Sell AT&T...? No

| About: AT&T Inc. (T)


Despite what some may think, AT&T is a stock worth holding for the long-term investor.

While it has rallied nicely, it is hardly overvalued.

The dividend yield is still a solid 5%.

2016 should see growth coming from the addition of DTV and Mexico.

I was taken aback when a recent article from a well-known author here on Seeking Alpha suggested selling AT&T (NYSE:T) (see AT&T: Major Sell Signal Just Flashed, by David Alton Clark). The article noted that the stock was trading at "nosebleed" levels after its YTD 15% rally and would face tough comps from 2015.

As a long-term investor, this seemed like quite a shortsighted view on one of the best-performing income names out there. In my opinion, AT&T should be held for the long term.

T Chart

Core wireless segment has rebounded

After facing a rough 2014 where it saw earnings and free cash flow decline sharply, AT&T's fortunes rebounded in 2015. The main reason has to do with success at its core wireless segment.

In 2014, in response to pressure from T-Mobile (NASDAQ:TMUS) and Sprint (NYSE:S), AT&T moved away from two-year contracts and unveiled AT&T Next. This initially hit in wireless margins as revenues dropped and costs stayed flat.

Though, by late 2015, a full 80% of smartphone sales were on the Next plans. This resulted in considerable declines in operating costs as the costly device subsidies were no longer being paid.

What was once a headwind has turned into a tailwind. Operating income from this segment climbed 15% in 2015. Thanks to this and DTV, AT&T saw FCF per share at 30% in 2015. This trend is likely to continue in 2016.

Free cash flow to accelerate thanks to DTV

Not only is AT&T growing FCF from its core wireless holdings, but it is also benefiting from the addition of DTV assets to the fold. The company completed the merger in mid-2015 and the synergies are only now just starting to roll in. This includes things such as cost cutting and renegotiating programming contracts which are still in the works.

From its recent guidance, FCF for 2016 is slated to reach over $17 billion. This is an increase of 12% from 2015 levels. On a per share basis, AT&T's FCF is slated to hit ~$2.75 in 2016, up from ~$2.44 in 2015. I estimate that addition of the DTV assets will boost AT&T's FCF per share by $0.25 per share after the first full year.

At this level of FCF, AT&T is trading at a 14x multiple and an FCF yield of 7.12%, hardly expensive. The dividend payout ratio is also a modest 70% of FCF, indicating plenty of room for growth.

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Mexico is growing fast

Another thing AT&T has going for it is growth in Mexico. After buying Iusacell and Nextel Mexico a few years back, AT&T is pouring as much as $3 billion in that nation building out a 4G network. The company just announced it had added 1M Mexican 4G customers in Q1 2016. Mexico is expected to be one of the primary revenue growth drivers for AT&T going forward.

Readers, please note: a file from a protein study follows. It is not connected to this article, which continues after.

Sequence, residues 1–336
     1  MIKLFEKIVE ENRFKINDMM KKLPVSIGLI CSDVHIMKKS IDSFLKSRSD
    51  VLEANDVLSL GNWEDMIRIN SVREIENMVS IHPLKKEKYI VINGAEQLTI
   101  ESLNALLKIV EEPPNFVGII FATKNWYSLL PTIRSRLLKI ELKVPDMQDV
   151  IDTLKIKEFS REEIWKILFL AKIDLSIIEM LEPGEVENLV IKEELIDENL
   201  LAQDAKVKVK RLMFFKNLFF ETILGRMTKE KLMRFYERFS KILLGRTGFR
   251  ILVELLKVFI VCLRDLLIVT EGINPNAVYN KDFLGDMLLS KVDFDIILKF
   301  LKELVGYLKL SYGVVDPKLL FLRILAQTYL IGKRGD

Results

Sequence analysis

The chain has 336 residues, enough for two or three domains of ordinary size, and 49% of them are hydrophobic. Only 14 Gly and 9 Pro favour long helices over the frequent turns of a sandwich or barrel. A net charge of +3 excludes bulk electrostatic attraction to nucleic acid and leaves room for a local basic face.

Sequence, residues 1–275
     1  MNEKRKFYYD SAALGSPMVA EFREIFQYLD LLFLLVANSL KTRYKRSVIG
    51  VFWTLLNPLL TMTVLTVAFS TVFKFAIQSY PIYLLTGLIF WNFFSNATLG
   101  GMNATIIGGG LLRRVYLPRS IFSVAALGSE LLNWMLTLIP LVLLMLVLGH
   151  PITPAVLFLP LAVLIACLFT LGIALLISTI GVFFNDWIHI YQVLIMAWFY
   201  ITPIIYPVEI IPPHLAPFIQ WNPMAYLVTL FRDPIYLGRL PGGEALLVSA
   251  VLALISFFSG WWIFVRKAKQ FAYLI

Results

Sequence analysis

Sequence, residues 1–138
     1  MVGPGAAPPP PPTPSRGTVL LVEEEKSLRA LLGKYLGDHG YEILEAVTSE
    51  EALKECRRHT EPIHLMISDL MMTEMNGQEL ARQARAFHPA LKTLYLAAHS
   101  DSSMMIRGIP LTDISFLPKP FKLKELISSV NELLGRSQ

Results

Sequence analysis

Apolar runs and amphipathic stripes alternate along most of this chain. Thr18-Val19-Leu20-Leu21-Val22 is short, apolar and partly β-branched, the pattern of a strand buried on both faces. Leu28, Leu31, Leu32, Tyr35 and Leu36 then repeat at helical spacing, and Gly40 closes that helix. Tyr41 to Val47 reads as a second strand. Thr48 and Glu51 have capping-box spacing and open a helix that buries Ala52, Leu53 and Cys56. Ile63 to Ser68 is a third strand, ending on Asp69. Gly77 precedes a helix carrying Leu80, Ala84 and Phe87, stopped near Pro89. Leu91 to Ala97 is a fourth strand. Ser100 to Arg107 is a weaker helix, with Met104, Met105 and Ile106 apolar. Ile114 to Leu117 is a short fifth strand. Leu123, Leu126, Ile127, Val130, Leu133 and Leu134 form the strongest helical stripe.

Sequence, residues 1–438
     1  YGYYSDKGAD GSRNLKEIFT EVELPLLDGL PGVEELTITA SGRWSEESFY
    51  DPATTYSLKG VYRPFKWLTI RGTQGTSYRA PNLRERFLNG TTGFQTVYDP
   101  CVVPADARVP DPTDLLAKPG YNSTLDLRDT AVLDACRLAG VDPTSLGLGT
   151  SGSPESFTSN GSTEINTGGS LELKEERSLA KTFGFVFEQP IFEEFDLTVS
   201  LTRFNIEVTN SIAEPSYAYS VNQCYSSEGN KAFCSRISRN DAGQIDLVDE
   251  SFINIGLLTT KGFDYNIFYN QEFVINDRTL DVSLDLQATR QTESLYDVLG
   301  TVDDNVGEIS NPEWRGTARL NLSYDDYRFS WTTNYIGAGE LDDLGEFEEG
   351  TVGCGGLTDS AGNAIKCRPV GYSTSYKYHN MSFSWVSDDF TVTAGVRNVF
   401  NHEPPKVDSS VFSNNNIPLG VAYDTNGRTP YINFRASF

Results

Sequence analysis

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Strong dividend rewards holding for the long-term

Lastly, why would anyone want to sell a stock with a 5% dividend yield and improving fundamentals? This yield is well above treasuries and at one of the lowest payout levels in years.

Furthermore, AT&T has been no slouch when it comes to total returns. The stock has easily beaten the market over the past 10 years, posting a total return of 150% versus 95% for the S&P 500 in that period, most of which has come from the sizable dividend.

T Chart


The worst thing a long-term investor can do is to sell a core holding just because it is slightly overvalued. Trying to time the market is a sure-fire way to underperform it.

Sure, AT&T is no longer as cheap as it was earlier in the year. But, it is hardly expensive either. Furthermore, there are plenty of growth catalysts coming online, and soon.

In my opinion, holding AT&T not only locks in considerable income, but as shown above, also results in a market beating total returns. Selling the stock just to lock in a ~10% profit seems very shortsighted.

Disclaimer: The opinions in this article are for informational purposes only and should not be construed as a recommendation to buy or sell the stocks mentioned. Please do your own due diligence before making any investment decision.

Disclosure: I am/we are long T.

I wrote this article myself, and it expresses my own opinions. I am not receiving compensation for it (other than from Seeking Alpha). I have no business relationship with any company whose stock is mentioned in this article.